Radio Show

On Intinction: What Are the Rules Around Dipping the Consecrated Host into the Precious Blood?

A listener named Alan asks Father Dave if he did something wrong at Mass the other day when he ‘dunked’ the host into the wine. He says, “I don’t know why I can’t do it… I thought when I was getting communion in the ’70s and ’80s, they had these things [intinction sets consisting of a plate or bowl with a matching cup] made just for that, so I’m calling you to ask, what’s the proper protocol? Are there rules against it?”

Father Dave responds by saying there was a time in the past, as recently as 2010 when the act of dipping the host into the consecrated wine was an accepted practice. “The term that we use with respect to the Eucharist is called intinction,” Father Dave explains, “which is just a fancy word that means you take the host and dip it in the consecrated wine.” 

Father Dave explains that intinction was broadly used for a time after the Second Vatican Council until recently when changes were made. It is no longer allowed to be done by the communicant (the person receiving communion). He clarifies that priests, however, are allowed to intinct the host.

Alan explains that he was scolded by the Eucharistic Minister at Mass for doing this and told he couldn’t do it because his hands were dirty and they shouldn’t touch the precious blood.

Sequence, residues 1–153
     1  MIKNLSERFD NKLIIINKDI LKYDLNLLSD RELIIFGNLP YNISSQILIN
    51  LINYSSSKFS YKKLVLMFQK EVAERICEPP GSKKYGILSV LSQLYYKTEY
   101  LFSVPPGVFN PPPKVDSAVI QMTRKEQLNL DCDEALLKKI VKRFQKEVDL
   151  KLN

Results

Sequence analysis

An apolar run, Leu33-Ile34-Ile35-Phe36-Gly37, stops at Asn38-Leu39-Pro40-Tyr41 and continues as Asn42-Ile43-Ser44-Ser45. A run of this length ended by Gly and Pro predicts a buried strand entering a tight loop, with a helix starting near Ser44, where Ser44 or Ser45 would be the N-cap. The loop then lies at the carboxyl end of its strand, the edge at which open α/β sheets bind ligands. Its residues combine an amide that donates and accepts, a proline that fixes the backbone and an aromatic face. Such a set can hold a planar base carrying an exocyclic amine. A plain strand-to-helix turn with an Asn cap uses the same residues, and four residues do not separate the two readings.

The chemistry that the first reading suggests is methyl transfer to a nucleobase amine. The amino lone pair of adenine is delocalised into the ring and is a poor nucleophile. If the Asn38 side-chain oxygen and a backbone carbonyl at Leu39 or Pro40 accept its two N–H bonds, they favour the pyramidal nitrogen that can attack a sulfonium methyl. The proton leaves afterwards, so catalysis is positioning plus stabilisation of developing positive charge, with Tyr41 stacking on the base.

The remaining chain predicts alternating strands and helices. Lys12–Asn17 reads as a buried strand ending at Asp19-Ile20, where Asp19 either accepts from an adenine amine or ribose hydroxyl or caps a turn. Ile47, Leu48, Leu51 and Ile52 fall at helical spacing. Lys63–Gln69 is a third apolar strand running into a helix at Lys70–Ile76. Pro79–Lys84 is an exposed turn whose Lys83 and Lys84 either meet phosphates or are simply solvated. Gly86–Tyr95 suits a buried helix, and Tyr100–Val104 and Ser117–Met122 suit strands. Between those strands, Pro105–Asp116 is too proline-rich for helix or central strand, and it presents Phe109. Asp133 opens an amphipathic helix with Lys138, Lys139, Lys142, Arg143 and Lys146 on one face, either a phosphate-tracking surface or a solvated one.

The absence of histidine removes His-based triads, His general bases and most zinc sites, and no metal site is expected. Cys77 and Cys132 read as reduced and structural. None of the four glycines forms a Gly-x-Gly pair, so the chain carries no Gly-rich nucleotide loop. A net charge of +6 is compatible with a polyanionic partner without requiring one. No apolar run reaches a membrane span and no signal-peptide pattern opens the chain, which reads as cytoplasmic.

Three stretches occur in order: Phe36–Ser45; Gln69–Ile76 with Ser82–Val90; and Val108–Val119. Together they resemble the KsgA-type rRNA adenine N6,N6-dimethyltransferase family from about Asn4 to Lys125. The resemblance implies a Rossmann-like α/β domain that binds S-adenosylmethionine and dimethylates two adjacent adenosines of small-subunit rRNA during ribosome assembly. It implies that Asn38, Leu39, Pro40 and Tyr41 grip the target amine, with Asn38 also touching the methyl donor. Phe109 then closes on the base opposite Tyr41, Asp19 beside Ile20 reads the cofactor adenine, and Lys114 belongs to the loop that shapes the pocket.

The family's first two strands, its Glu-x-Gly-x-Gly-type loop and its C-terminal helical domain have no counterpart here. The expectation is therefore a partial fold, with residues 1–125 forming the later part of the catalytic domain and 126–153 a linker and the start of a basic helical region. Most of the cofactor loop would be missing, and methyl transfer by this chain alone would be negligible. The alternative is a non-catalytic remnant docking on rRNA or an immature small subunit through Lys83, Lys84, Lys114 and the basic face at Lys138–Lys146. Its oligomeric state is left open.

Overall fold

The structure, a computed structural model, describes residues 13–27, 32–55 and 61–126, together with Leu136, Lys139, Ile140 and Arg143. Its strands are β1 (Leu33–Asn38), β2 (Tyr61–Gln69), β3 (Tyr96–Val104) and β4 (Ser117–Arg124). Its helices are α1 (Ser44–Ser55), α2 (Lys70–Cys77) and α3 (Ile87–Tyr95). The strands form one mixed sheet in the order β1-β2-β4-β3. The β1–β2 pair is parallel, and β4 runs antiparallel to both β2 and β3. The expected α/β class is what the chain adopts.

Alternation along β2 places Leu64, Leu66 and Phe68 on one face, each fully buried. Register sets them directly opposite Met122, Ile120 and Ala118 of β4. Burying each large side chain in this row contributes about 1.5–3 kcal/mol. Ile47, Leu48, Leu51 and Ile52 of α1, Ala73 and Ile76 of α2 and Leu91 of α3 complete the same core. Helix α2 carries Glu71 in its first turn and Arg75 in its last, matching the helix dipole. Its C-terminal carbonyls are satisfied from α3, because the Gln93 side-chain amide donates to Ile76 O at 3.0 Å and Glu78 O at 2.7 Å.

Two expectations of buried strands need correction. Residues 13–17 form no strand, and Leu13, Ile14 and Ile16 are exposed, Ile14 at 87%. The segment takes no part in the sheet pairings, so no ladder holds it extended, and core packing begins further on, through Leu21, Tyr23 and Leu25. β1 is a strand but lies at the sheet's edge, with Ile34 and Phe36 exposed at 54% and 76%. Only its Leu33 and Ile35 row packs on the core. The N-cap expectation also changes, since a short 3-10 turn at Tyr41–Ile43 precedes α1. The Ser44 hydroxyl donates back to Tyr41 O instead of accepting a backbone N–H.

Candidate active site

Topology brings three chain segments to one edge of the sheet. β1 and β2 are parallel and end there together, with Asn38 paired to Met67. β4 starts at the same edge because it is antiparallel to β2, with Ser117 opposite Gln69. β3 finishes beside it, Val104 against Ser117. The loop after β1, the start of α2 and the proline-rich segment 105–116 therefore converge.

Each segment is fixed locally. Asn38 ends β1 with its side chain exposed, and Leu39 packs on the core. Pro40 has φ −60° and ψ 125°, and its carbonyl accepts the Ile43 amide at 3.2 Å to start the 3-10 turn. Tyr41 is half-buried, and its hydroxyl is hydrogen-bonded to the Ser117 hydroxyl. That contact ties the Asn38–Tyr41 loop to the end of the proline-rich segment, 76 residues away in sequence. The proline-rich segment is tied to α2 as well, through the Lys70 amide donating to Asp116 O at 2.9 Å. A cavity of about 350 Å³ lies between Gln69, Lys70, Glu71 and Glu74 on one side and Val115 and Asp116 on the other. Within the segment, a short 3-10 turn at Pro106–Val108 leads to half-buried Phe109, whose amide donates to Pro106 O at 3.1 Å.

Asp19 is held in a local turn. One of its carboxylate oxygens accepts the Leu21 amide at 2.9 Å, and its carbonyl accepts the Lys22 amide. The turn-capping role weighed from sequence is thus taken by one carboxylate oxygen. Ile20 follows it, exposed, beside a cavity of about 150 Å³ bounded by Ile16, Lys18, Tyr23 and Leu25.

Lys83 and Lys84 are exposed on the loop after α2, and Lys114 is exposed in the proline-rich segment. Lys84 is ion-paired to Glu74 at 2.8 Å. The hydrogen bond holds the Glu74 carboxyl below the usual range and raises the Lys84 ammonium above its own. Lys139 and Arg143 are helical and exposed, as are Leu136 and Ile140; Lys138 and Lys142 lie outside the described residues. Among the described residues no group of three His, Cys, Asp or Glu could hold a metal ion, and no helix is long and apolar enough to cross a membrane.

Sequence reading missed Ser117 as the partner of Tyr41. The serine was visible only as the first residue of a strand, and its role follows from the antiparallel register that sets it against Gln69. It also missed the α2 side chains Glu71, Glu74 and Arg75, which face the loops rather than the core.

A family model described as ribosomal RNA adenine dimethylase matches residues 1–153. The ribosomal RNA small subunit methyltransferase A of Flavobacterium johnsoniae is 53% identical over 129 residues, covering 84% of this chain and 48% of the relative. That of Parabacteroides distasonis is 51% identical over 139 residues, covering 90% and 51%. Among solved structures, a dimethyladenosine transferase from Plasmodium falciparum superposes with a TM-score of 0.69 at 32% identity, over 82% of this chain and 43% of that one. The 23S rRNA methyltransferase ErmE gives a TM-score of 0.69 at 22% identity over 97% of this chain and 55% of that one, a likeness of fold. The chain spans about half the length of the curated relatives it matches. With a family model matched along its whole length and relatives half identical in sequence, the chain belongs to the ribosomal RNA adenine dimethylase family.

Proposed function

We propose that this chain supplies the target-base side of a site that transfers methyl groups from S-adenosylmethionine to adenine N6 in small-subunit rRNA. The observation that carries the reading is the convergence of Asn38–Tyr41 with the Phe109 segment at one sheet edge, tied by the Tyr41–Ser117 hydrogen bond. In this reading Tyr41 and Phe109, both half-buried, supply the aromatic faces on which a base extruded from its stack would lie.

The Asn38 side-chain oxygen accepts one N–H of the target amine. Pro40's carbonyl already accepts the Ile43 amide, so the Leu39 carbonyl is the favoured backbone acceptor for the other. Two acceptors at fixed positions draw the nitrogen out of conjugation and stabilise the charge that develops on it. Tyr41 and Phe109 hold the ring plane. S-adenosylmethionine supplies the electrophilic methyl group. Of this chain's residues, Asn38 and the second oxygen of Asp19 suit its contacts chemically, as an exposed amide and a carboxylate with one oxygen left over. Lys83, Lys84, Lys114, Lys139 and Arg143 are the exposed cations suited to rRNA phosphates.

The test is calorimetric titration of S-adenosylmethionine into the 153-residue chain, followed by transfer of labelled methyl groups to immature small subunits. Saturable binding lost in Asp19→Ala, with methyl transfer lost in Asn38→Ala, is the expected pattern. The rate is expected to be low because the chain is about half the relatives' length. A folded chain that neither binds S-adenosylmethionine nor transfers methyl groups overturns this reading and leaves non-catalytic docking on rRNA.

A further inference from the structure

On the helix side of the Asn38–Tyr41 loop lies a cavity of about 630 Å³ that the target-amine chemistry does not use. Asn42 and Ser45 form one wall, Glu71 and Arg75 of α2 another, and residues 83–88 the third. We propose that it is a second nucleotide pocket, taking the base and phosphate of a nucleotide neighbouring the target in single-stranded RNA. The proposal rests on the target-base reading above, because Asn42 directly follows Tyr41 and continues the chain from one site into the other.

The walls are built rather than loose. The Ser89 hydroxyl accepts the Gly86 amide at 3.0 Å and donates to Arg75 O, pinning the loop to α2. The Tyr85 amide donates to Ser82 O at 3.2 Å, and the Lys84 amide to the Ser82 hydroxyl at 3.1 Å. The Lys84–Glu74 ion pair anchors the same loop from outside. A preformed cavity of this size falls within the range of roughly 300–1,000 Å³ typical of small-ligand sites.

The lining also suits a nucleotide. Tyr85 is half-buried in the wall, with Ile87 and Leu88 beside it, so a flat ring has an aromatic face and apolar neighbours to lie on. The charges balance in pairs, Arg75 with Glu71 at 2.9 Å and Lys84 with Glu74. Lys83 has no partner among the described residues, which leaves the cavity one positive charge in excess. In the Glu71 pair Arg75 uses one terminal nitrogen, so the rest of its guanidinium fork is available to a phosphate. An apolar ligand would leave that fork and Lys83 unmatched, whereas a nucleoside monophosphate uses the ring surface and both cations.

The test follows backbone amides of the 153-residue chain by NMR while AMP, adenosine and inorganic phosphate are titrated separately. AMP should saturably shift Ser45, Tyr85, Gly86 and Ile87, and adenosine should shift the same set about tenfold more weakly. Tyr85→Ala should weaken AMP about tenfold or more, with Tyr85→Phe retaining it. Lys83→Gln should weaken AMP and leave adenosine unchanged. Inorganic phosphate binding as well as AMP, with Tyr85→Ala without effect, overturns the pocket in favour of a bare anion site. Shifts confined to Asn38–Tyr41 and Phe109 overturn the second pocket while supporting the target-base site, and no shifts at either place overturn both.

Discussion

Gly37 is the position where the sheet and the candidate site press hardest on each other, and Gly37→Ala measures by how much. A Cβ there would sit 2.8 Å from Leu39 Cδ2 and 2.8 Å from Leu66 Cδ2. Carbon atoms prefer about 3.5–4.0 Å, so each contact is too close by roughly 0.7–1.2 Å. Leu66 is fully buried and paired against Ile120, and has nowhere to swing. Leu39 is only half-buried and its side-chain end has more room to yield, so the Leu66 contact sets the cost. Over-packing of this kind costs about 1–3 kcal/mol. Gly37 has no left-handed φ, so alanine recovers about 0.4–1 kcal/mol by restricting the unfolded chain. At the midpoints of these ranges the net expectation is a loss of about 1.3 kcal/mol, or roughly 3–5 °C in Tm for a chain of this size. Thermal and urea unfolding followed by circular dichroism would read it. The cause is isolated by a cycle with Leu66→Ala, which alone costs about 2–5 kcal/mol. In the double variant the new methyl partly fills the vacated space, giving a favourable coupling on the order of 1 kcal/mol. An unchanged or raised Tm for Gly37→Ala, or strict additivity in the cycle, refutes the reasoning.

Father Dave explains that the Eucharistic Minister was correct in telling him he is not allowed to dip the host into the wine, but was wrong in his reasoning. “The danger that the Church would like to avoid is that if you intinct the host into the chalice with the precious blood, there’s still a fair likelihood that a drop of the precious blood would hit the floor. That’s what we don’t want. That’s why that’s not allowed.”

“One other reason intinction is not allowed,” Father Dave continues, “is because many parishes these days are more concerned about somebody just not consuming the host right there after you’ve received it from the communion Minister – because of the possibility of somebody taking it back to their pew or taking it home for sacrilege or whatever… I’ve even seen parishes where next to the communion Minister is an usher, making sure somebody consumes right away.”